In 2015, individuals affiliated with the terrorist group ISIS conducted a wave of violence and mass murder in Paris — killing 129 people. One of them was Nohemi Gonzalez, a 23-year-old American student who died after ISIS assailants opened fire on the café where she and her friends were eating dinner.
In response to these horrific acts, Gonzalez’s and Alassaf’s families brought federal lawsuits pinning the blame for these attacks on some very unlikely defendants. In Gonzalez v. Google, Gonzalez’s survivors claim that the tech giant Google should compensate them for the loss of their loved one. In a separate suit, Twitter v. Taamneh, Alassaf’s relatives make similar claims against Google, Twitter, and Facebook.
The thrust of both lawsuits is that websites like Twitter, Facebook, or Google-owned YouTube are legally responsible for the two ISIS killings because ISIS was able to post recruitment videos and other content on these websites that were not immediately taken down. The plaintiffs in both suits rely on a federal law that allows “any national of the United States” who is injured by an act of international terrorism to sue anyone who “aids and abets, by knowingly providing substantial assistance” to anyone who commits “such an act of international terrorism.”
The FBI is offering a reward of up to $100,000 for information leading to the arrest of Omar Alexander Cardenas.
Cardenas often has a beard and wears prescription glasses.
Omar Alexander Cardenas is wanted for his alleged involvement in the murder of a man that occurred on August 15, 2019, in a large outdoor shopping center in Sylmar, California, immediately next to Los Angeles. It is alleged that he fired several rounds from a semi-automatic handgun at the victim, striking him in the head and causing his death. A local arrest warrant was issued for Cardenas on April 3, 2020, in the Superior Court of Los Angeles County after he was charged locally with murder. A federal arrest warrant from the United States District Court, Central District of California, was issued for Cardenas on September 2, 2021, after he was charged with unlawful flight to avoid prosecution.
Rome (CNN)Italian anti-Mafia police have arrested another mobster on the run, just two weeks after the sensational arrest on January 16 of Sicilian Cosa Nostra superboss Matteo Messina Denaro at a health clinic in Palermo, Sicily.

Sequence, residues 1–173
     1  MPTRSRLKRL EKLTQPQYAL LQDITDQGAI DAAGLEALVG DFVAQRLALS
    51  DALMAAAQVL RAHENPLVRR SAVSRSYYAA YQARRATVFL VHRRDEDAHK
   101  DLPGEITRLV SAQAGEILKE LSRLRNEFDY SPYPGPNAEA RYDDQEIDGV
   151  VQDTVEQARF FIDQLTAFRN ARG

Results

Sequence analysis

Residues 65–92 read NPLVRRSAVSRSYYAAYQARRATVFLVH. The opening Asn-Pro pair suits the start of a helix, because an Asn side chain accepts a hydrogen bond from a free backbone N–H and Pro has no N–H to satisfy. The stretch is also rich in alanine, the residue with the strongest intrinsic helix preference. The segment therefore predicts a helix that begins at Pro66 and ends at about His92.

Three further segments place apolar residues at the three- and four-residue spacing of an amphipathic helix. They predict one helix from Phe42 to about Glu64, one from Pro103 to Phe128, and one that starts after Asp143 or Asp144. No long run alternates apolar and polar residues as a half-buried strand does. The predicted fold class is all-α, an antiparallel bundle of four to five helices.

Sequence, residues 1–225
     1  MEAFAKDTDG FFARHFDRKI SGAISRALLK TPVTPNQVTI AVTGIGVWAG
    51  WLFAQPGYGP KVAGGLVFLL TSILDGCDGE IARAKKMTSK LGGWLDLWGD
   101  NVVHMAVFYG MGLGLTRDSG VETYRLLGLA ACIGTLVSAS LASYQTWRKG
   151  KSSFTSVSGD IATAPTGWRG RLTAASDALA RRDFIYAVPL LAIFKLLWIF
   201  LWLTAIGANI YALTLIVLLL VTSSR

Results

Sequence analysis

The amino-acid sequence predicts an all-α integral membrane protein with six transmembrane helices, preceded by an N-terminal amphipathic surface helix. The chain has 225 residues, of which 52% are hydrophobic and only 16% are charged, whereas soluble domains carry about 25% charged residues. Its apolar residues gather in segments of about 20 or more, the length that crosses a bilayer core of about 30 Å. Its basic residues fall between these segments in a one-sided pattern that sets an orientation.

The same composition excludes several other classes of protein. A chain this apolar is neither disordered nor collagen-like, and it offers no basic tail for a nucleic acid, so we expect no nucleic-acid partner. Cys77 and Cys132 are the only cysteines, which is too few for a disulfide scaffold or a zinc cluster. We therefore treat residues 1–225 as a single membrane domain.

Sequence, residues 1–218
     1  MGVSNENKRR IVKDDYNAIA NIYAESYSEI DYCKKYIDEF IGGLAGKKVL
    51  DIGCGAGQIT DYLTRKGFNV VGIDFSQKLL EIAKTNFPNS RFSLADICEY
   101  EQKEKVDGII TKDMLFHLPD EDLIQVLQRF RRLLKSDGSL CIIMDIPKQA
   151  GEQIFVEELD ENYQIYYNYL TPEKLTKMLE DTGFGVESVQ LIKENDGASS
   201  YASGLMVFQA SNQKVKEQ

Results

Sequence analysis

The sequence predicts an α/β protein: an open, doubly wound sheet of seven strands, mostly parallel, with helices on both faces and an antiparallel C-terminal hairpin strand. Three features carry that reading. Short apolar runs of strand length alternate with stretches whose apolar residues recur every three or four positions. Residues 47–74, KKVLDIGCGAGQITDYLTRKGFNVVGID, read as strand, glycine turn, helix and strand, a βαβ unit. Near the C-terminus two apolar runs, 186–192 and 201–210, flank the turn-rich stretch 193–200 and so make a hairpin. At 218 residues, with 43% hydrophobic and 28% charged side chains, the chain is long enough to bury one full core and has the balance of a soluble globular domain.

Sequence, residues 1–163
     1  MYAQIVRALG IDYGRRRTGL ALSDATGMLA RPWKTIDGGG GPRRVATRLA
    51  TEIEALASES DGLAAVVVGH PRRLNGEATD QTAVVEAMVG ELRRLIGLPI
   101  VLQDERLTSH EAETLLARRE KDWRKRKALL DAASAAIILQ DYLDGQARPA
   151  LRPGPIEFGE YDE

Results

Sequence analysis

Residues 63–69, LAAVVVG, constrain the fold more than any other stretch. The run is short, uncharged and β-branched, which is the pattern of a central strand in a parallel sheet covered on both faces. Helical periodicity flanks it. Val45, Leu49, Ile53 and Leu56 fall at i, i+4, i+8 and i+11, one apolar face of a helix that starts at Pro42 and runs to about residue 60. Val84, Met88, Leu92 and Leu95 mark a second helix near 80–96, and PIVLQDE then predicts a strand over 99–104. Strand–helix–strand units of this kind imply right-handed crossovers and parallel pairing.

This time it was Edgardo Greco, 63, who was apprehended in Saint-Etienne, France, where he was working under the alias Paolo Dimitrio as a pizzaiolo — or pizza chef — at the Caffe Rossini Italian restaurant.
Greco, associated with the Calabrian ‘Ndrangheta, was convicted in absentia in 1991 for the double homicide of brothers Stefano and Giuseppe Bartolomeo, who he is alleged to have killed with iron bars before dissolving their bodies in acid, according to court documents. He had evaded Italian law enforcement officials since his conviction.
Described as a “dangerous fugitive” by Nicola Gratteri, the anti-Mafia prosecutor who led the investigation as head of the Public Prosecutor’s Office of Catanzaro, Calabria, Greco was also convicted of the attempted murder of several prison officials, earning him the nickname “prison killer.”
The EU’s smallest member state, Malta, has become the Mafia’s El Dorado. This was the shocking conclusion of a study commissioned by the European Parliament’s Martin Schirdewan.
The report shows how Italian mafia clans laundered billions of euros through online gaming platforms in Malta between 2015 and 2022.
Four billion euros of assets were confiscated through investigations into online gaming related to Malta. The study found that “criminals, including those from Calabria’s ‘Ndrangheta and Sicily’s Cosa Nostra, have become part of the Maltese gaming sector through companies they set up and which they used to launder huge sums of money”.
Why is Malta so attractive to criminal organisations? Why are Mafia bosses so keen on Malta? What makes Malta such a haven for some of the most feared tough guys in the criminal world?
The answer was spelt out by Home Affairs Minister Byron Camilleri. He was compelled to admit that there wasn’t a single applicant for the vacant post of Deputy Police Commissioner.
Cadaver dogs found several areas Sunday where investigators will check further for human remains. Those areas are marked with red flags.
WESTFIELD, Ind. — Police renewed an effort Sunday to find human remains at Fox Hollow Farm in Westfield, where the decomposed and charred remains of at least two dozen people were found 26 years ago.
For the first time, cadaver dogs on Sunday searched the property that once belonged to suspected serial killer Herb Baumeister. They did it because many of Baumeister’s victims have never been identified.
Investigators believe Baumeister targeted gay men, killing at least 25 people in the 1990s. In 1996, police found 10,000 bone fragments in the woods surrounding his home.
To date, eight victims have been identified. But, over the past 15 years, the current owner of Fox Hollow Farm has found more bones and bone fragments.
“We don’t go looking for them, but they do turn up and I take them to the University of Indianapolis,” said Robert Graves, who has lived on the property for the last 15 years.